One good way to make sure you’re planning and designing for accessibility is to build personas for your expected users. Much like marketing or sales personas, these profiles help you keep your ideal audience in mind. Making note of their frustration points can help you assess your work to make sure you’re working toward inclusivity. Here are a few examples to help get you started:

 

Gail

User Role

HR Specialist

AT’s Used

Tablet with stylus
Scooter with joystick control
Speech-to-text apps

Background

Gail is a fun-loving millennial who works at a large corporation in Des Moines, IA as an HR specialist. She has cerebral palsy (CP) but works alongside several people who often help her get unstuck when navigating the company’s intranet.

She has a 4-year-old rescue pup named Terry (a.k.a T-Bone) and lives in a small independent living community.

Motivations & Goals

She loves working with people in her community to improve interview skills, gain professional readiness, and build good work habits.

Frustrations & Pain Points

She has movement control issues in her hands, so when websites don’t have large click targets for her stylus, she can get frustrated to the point of giving up. She gets very irritated with websites that don’t design for tablet views.

Gail can speak at a better level than most people with CP. This allows her to utilize speech to text fairly well. She still feels like this technology is in its early stages because most people aren’t dependent on it, and software companies don’t see a priority to make it better.

Very independent and hates asking peers for help to navigate her company’s own resources.

 

Marcus

User Role

Student at Dallas Autism Career College

AT’s Used

Smartphone
Text enlargement
Wearable tech

Background

Marcus falls between the middle and the high end of the autism spectrum. He says he still has his good days and bad days like everyone else.

He’s been going to this college that helps people like him get jobs.

This college has a room that is a complete replica of a Target warehouse and checkout lanes. That’s where he and his friends get experience in fulfilling orders and performing transactions. He loves using the scanner to count inventory.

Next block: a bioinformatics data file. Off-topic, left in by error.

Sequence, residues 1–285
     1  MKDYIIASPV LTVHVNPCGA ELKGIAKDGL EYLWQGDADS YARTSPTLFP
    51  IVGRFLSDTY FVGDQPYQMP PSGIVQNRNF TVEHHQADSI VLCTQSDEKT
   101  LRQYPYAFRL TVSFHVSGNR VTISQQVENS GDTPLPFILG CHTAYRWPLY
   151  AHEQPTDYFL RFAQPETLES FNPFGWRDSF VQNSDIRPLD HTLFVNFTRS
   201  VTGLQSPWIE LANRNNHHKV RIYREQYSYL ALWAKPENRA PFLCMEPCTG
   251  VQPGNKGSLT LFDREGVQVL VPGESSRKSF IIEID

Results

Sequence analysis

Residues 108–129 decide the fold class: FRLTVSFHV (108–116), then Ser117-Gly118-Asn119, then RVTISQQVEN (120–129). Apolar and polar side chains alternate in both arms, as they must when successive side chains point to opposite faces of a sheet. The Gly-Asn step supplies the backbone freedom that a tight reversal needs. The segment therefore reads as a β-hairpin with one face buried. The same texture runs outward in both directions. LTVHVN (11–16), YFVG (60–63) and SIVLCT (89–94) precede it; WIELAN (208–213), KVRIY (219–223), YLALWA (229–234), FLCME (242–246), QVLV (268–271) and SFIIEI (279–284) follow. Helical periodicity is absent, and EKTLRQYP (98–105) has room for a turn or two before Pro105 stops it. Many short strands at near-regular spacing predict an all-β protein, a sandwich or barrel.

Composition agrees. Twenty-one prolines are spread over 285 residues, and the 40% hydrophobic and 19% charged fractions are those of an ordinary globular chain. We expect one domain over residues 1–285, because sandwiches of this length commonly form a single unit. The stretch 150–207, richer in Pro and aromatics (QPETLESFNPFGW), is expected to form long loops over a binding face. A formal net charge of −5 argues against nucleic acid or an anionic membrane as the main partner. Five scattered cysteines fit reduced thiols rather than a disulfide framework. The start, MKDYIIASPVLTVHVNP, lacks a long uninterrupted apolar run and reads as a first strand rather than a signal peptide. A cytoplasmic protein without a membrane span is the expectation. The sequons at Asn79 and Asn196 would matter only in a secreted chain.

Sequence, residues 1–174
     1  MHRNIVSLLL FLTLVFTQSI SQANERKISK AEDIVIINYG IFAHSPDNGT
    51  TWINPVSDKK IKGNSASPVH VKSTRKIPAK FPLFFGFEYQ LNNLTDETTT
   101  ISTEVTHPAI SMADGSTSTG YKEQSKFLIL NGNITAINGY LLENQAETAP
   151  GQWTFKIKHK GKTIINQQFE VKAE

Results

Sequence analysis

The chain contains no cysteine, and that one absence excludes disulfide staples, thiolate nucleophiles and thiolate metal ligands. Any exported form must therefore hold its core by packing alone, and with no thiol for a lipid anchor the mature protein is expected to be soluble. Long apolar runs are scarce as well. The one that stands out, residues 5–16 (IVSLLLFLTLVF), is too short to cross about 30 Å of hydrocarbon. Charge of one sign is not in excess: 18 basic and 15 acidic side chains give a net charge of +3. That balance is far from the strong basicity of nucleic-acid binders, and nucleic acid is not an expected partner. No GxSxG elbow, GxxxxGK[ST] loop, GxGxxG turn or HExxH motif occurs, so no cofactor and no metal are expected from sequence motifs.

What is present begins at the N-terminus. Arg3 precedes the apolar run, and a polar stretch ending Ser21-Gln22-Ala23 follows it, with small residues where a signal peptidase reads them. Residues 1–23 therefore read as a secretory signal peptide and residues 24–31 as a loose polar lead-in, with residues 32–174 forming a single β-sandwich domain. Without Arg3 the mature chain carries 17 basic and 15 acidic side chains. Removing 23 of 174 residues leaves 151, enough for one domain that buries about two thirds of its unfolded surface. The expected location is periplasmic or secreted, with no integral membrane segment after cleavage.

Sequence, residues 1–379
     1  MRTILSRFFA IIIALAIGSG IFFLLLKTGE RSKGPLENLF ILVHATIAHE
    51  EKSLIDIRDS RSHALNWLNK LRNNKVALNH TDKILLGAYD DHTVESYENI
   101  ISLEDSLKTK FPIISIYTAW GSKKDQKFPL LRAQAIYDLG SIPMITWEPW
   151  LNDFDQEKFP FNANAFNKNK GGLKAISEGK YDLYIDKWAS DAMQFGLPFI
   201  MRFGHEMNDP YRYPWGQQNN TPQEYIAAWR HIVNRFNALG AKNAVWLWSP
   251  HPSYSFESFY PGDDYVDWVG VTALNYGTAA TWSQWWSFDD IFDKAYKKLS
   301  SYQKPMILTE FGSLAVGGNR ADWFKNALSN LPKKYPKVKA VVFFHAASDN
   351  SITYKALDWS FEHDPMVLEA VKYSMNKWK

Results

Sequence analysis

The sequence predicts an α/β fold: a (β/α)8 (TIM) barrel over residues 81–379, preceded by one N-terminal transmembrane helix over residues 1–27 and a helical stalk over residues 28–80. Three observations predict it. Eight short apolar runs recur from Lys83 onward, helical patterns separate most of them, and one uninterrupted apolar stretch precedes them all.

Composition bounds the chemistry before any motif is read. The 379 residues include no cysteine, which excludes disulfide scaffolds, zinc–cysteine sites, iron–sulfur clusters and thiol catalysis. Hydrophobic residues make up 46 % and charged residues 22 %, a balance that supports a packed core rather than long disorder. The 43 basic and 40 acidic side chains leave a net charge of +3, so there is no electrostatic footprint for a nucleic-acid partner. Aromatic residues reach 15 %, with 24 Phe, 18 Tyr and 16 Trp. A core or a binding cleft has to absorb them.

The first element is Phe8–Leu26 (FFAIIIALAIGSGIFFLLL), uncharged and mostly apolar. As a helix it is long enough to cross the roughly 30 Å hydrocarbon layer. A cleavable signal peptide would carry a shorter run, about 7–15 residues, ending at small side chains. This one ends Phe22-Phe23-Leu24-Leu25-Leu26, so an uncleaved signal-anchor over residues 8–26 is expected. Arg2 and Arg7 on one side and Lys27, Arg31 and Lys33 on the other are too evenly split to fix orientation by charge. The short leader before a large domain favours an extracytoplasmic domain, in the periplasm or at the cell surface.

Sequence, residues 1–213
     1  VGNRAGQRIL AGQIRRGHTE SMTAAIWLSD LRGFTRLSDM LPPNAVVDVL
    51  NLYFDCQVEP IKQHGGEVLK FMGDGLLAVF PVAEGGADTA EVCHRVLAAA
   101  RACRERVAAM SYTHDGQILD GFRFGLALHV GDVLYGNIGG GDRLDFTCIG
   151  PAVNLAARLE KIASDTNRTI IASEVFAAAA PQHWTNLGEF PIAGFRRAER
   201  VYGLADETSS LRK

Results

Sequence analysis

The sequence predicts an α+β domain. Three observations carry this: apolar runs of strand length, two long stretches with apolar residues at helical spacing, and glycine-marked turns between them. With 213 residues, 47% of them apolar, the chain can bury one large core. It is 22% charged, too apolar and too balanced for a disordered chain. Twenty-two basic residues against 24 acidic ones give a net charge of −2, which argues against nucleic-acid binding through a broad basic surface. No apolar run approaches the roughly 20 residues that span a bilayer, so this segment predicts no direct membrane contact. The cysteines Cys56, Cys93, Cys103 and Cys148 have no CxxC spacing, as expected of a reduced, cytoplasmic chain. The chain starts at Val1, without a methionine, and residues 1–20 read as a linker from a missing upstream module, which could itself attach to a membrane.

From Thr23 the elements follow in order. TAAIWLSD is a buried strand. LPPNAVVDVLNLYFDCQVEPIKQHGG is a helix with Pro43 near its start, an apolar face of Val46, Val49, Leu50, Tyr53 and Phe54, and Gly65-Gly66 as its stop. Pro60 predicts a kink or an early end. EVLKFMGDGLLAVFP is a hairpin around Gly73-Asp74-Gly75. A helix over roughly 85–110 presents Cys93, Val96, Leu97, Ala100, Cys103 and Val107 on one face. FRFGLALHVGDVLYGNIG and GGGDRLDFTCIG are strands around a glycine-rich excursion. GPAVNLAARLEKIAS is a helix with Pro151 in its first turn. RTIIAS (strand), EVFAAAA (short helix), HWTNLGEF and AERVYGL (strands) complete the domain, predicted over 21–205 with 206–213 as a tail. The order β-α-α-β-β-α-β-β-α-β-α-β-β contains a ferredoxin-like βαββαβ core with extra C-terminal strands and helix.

He uses a task assistant on his phone and smartwatch to make sure he eats his lunch at the same time every day. He’s anxious that his entire day will collapse if he doesn’t.

Motivations & Goals

Wants to become independent from his family, but sometimes he thinks he wants that, only because he knows they want that for him.

Frustrations & Pain Points

Gets highly distracted on websites that have a lot of things going on: “My life is made easier when I see that ‘reader view available’ icon on my phone. Sometimes I wish all websites were just text.”

He’s great at video games, but has trouble learning new websites. Becomes very upset when a website that he’s been using for a long time does a redesign and they change labels of important things, and no idea where to find the information he needs.

 

Adam

User Role

Sales rep for a piston ring manufacturer

AT’s Used

VoiceOver (Mac) and NVDA (PC) screenreaders
Braille display
Voice recorder

Background

Adam has been blind since birth, but has been able to succeed in a world that he understands is pretty unaware of the blind.

He grew up in a small town, and to many, he was the first blind person they had ever met. That’s okay, because he loves to explain to them how they can be advocates.

Motivations & Goals

He loves meeting new people and networking. That’s why Facebook and LinkedIn are usually where he gets his leads.

He’s motivated by the competitive environment with his sales peers. He’s really motivated by quarterly numbers.

Frustrations & Pain Points

He can’t stand it when he lands on a potential lead’s website and the reading order of the content is broken. His screen reader jumbles paragraphs and design elements when this happens.

He also knows that people have the ability to add alternative text to photos, so he views blank alt text fields as a deplorable practice. Just as worse, he gets frustrated when people add the text but it’s nondescript! Alt text that reads “picture of boy” helps no one.

Nick’s Closing Thoughts

The internet wasn’t built overnight — and fixing accessibility issues isn’t an overnight solution. But just by trying to incorporate more of these tactics as you change your website, you can help make the web a friendlier place. Or better yet, if you plan on starting from scratch any time soon, get a hold of us. We can help you build your site to be accessible and compliant from the ground up.

Nick Throckmorton User Experience Designer

The Monitor